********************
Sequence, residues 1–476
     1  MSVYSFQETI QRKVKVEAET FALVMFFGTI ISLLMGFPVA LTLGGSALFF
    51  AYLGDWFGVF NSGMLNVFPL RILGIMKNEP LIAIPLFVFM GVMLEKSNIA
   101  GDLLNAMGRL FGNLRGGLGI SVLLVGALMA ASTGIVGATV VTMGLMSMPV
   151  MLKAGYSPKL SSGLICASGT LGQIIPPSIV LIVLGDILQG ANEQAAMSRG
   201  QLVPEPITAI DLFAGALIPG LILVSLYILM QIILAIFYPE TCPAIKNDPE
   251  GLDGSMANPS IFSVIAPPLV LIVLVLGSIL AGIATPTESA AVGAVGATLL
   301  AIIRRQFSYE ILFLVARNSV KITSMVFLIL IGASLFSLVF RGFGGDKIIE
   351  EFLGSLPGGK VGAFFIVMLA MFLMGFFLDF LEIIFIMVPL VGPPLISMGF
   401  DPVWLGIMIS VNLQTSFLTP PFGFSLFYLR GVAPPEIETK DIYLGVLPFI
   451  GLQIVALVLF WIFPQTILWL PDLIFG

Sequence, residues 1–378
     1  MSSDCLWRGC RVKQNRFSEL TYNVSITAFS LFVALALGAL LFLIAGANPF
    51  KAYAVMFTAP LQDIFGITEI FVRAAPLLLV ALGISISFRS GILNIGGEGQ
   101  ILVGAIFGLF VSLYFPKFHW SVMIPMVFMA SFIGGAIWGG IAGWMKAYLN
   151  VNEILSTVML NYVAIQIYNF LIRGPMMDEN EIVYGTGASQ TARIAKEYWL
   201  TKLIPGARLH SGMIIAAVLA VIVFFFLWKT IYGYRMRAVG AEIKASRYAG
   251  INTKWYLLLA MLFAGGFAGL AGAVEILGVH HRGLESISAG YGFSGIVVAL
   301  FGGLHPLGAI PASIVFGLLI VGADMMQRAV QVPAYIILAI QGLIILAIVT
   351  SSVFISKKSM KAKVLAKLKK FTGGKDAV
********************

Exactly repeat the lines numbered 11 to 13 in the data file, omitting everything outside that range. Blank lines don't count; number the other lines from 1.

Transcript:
   451  GLQIVALVLF WIFPQTILWL PDLIFG

Sequence, residues 1–378
     1  MSSDCLWRGC RVKQNRFSEL TYNVSITAFS LFVALALGAL LFLIAGANPF